Hussainara Khatoon & Ors vs Home Secretary, State Of Bihar

case brief, case summary

Equivalent citations: 1979 AIR 1369, 1979 SCR (3) 532

Bench: Bhagwati, P.N.


Hussainara Khatoon & Ors. was a landmark decision ruled on March 9, 1979, that gave broader meaning to Article 21 and stated that everyone has the right to a prompt trial. It is the most well-known case involving the human rights of Indian inmates.

The Supreme Court stated that the State must provide free legal assistance and a quick trial to administer justice.


In 1979, the publication Indian Express published an article about the incarceration of under-trial convicts in the Bihar jail. Few of these under-trial inmates had been incarcerated for very long periods, in some cases for far longer than the courts had ordered.

Advocate Pushpa Kapila Hingorani was one of the article’s readers, and she filed a lawsuit before the Supreme Court of India as a Public Interest Litigation. Advocate Pushpa Kapila Hingorani is known as the “Mother of Public Interest Litigation in India” since this was the first documented case of PIL in India.


A writ of habeas corpus was brought before the Court under Story 32, requesting the release of 17 under-trial convicts whose identities were revealed in a newspaper article in Bihar. The state of Bihar was ordered to provide a revised chart displaying the year-by-year breakdown of the under-trial inmates, after separating them into two main categories: minor offenses and serious offenses.


  • Should the right to a quick trial be included in Article 21?
  • Is it possible for the law to compel the provision of free legal assistance?


Many under-trial inmates incarcerated in the Patna Central Jail, the Muzaffarpur Central Jail, and the Ranchi Central Jail before their release have been routinely presented before the Magistrates and remanded to judicial custody as needed, according to the counter-affidavit submitted to the Court.

These allegations, however, were ruled unacceptable by the Court because they failed to comply with the requirement to show the dates on which these under-trial detainees were detained.

Furthermore, to excuse the pending cases, it has been claimed that in nearly 10% of the instances, the investigation is stalled owing to a delay in receiving expert opinions.


The Court ordered that these under-trial detainees, whose names and addresses were recorded in Mrs. Hingorani’s list, be released because their continued detention was considered illegal and a violation of their fundamental right under Article 21 of the Constitution because they had been in prison for a period exceeding the maximum term for which they should have been indicted.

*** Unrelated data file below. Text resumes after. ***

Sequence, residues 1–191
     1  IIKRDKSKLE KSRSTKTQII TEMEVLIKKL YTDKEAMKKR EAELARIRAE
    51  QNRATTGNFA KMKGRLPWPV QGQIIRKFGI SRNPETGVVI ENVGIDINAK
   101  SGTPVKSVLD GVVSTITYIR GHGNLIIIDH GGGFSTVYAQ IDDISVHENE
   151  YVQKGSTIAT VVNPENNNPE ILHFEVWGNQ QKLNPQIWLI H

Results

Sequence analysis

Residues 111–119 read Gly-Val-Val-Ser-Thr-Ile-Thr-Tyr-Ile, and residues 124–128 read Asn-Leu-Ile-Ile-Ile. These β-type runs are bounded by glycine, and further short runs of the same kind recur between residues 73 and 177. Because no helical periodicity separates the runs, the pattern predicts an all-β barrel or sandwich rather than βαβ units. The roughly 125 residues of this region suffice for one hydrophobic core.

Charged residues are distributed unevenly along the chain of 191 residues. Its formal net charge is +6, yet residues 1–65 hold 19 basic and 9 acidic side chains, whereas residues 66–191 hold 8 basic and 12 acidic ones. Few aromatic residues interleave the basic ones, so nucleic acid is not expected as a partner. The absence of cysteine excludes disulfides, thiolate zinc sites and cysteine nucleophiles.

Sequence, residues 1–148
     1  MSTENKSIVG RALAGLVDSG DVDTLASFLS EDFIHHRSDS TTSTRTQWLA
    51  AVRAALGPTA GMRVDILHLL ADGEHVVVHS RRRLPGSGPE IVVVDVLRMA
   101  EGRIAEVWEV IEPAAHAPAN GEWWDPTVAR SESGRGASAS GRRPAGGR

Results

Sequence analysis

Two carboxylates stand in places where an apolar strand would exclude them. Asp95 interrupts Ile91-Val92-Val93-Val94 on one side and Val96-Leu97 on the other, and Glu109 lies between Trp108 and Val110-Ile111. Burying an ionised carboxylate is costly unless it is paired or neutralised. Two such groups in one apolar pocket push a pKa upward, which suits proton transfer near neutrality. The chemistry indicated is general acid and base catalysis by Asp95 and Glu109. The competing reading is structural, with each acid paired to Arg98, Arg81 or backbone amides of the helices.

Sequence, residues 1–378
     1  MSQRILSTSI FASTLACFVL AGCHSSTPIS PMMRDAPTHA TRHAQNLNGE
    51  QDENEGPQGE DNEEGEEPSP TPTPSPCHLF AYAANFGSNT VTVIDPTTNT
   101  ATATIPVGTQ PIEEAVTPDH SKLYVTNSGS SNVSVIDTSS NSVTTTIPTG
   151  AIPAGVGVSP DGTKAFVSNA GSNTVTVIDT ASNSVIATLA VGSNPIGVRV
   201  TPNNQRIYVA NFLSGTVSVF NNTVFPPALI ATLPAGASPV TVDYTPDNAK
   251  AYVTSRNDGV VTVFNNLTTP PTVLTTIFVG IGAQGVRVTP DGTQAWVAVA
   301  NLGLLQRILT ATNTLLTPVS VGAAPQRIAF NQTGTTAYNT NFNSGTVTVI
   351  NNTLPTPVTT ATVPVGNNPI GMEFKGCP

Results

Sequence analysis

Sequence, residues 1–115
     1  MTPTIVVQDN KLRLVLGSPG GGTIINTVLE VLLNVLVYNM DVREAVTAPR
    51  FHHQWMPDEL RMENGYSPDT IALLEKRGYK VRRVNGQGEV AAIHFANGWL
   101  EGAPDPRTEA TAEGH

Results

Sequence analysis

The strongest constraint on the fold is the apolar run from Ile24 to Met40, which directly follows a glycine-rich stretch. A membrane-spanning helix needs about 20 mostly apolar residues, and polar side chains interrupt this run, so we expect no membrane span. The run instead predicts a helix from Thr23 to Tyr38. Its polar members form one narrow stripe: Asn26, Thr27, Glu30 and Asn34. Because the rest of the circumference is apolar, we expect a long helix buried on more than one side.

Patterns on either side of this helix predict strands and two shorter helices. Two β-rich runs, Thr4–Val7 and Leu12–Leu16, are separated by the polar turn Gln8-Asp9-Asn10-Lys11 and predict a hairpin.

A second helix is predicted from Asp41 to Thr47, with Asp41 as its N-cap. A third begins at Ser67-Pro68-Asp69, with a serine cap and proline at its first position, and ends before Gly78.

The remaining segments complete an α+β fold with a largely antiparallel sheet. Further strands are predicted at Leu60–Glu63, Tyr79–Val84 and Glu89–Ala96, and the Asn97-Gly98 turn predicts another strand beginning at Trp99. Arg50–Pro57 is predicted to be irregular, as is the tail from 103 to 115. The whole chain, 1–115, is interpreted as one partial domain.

The Court also agreed that on subsequent remand dates, when undertrial detainees accused of bailable offenses are brought before the Magistrates, the State Government should appoint a lawyer at its own expense to file a bail application, thereby limiting remand and allowing for a quick trial to begin.

The State Government and the High Court were obliged to submit information on the locations of the magistrate and session courts in Bihar, as well as the total number of cases outstanding in each court as of December 31, 1978.

They were also required to explain why it was not practicable to resolve matters that had been outstanding for more than six months.


In the United States, a speedy trial is a constitutionally protected right.

A person who has been arrested or imprisoned has the right to a trial within a reasonable time, according to Article 3 of the European Convention on Human Rights. As a result, the court held that “a speedy trial is essential to criminal justice, and there can be no question that a delay in trial alone constitutes a deprivation of justice.”

As a result, under Article 21 of the constitution, the right to a quick trial was recognized as a basic right of the prisoner. The possibility of some of them being exonerated of the charges against them after spending a long time in jail for crimes they were later proven not to have done is a grave infringement of their liberty.

The court also believed that the Indian bail system at the time was skewed against the poor, who could not always afford to hire a lawyer to represent them, and recommended a significant overhaul. A system that denies the poor the right to legal representation cannot be deemed reasonable or equitable.

According to the court, while granting personal bond bail, the accused’s roots in the community must be examined to prevent him from leaving, which include:

  • The length of his stay in the neighborhood,
  • His job status, background, and financial situation, as well as his family and relationships,
  • His character, mental state, and reputation
  • His criminal record, as well as his appearances in court, are both impressive.
  • the names of respectable community people who might attest for his trustworthiness,
  • The nature of the alleged crime and the likelihood of conviction
  • Any additional evidence pointing to the accused’s links to the com


The significance of this case may be seen in the fact that almost 40,000 people who were awaiting trial were freed as a result of the decision. The case inspired several socially concerned people and attorneys to speak out on behalf of the poor and to use the broad scope of Public Interest Litigation to get justice.

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